go shopping
recommend visiting
avoid finishing
miss seeing
imagine buying
The last way that we use gerunds is after a preposition. What's a preposition?
A prepostion is a short word that tells where, why, or how.
Let's try some more. First, find the prepositions. Then change the verbs.
I'm tired of (listen) to you.
You need to focus on (drive) right now.
She doesn't believe in (come) on time.
I'm tired of listening to you.
You need to focus on driving right now.
She doesn't believe in coming on time.
Ok, those were gerunds. Now let's look at infinitives.
The first way that we use infinitives is
after a verb.
They want (leave) class early.
They want to leave class early.
Verb
Infinitive
Let's try some more.
I'm happy I chose (go) to university.
She needs (get) up earlier.
He promised (buy) me a iPhone.
I'm happy I chose to go to university.
She needs to get up earlier.
He promised to buy me an iPhone.
Verbs
Here is a list of verbs that take infinitives after them. Memorize them!
choose to
decide to
deserve to
expect to
forget to
hope to
know how to
learn to
need to
offer to
plan to
promise to
refuse to
seem to
start to
want to
wish to
agree to
I told her to be quiet.
I asked my little sister (change) the channel.
My mom wants me (get) married after I graduate.
The accident taught my uncle (drive) more slowly.
Let's try some more. Find the objects first, then change the verbs to infinitive.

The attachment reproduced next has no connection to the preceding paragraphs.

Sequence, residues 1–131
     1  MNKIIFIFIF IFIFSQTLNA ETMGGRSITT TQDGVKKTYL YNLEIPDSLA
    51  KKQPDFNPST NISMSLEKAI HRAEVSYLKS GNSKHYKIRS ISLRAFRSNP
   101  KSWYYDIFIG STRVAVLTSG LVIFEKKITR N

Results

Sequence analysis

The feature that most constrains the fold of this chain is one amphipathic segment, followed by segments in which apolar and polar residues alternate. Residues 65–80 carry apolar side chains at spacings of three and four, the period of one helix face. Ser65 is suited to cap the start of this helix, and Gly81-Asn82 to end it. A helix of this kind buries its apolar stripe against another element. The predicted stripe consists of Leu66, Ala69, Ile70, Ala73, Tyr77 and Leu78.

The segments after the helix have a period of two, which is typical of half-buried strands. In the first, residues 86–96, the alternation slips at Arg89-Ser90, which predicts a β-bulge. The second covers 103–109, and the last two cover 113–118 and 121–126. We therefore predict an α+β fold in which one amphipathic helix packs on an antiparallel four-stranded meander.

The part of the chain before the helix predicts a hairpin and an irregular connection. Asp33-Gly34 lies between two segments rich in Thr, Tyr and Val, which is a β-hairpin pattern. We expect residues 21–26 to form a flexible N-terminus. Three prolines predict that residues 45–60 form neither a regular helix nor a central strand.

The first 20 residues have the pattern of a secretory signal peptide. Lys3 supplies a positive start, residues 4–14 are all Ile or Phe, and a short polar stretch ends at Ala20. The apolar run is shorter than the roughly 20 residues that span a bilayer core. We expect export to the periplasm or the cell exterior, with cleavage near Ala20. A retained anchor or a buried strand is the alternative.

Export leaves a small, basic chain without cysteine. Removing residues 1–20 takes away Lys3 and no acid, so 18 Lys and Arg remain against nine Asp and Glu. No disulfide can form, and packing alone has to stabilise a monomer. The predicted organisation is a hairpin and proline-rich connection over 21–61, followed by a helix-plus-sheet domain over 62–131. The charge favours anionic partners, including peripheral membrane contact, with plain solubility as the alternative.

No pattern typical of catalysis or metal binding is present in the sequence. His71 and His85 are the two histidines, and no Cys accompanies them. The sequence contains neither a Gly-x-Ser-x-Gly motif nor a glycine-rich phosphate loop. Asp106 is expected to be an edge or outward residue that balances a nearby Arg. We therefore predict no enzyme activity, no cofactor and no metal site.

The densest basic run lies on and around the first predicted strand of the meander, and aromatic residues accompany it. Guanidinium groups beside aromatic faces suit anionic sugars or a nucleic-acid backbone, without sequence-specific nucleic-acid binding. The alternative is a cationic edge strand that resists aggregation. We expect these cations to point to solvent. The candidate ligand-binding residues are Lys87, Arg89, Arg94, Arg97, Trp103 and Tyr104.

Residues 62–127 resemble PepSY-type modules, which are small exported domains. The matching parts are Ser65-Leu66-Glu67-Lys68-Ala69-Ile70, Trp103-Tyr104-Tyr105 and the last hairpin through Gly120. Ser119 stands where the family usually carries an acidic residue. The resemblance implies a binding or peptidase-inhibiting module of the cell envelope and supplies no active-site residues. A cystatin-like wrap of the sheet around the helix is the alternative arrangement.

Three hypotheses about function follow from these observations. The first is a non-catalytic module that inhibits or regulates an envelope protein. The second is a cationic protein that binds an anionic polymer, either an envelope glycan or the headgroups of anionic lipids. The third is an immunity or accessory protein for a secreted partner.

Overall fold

We also use infinitives after an object.
Find the object in this sentence.
Let's try some more.
Find the adjectives first, then change the verbs to infinitives
We also use infintives after an adjective. Adjectives are words that describe a noun, like "big," "good," "happy," or "excited."
Find the adjective in this sentence.
I'm sad to see you leave.
He was surprised (see) a lion on campus.
I'm lucky (have) such a good teacher.
My little brother was afraid (touch) the snake.
Khalid went to the mall to buy a phone.
I called my dad (ask) for some money.
She woke up early (write) her essay.
My brother cried and screamed (get) some candy.
Let's try some more.
The last way that we use infinitives is to show purpose. Purpose means the reason why you do something.
I told her to be quiet.
object
infinitive
verb
I asked my little sister to change the channel.
My mom wants me to get married after I graduate.
The accident taught my uncle to drive more slowly.
Infinitives
objects
I'm sad to see you leave.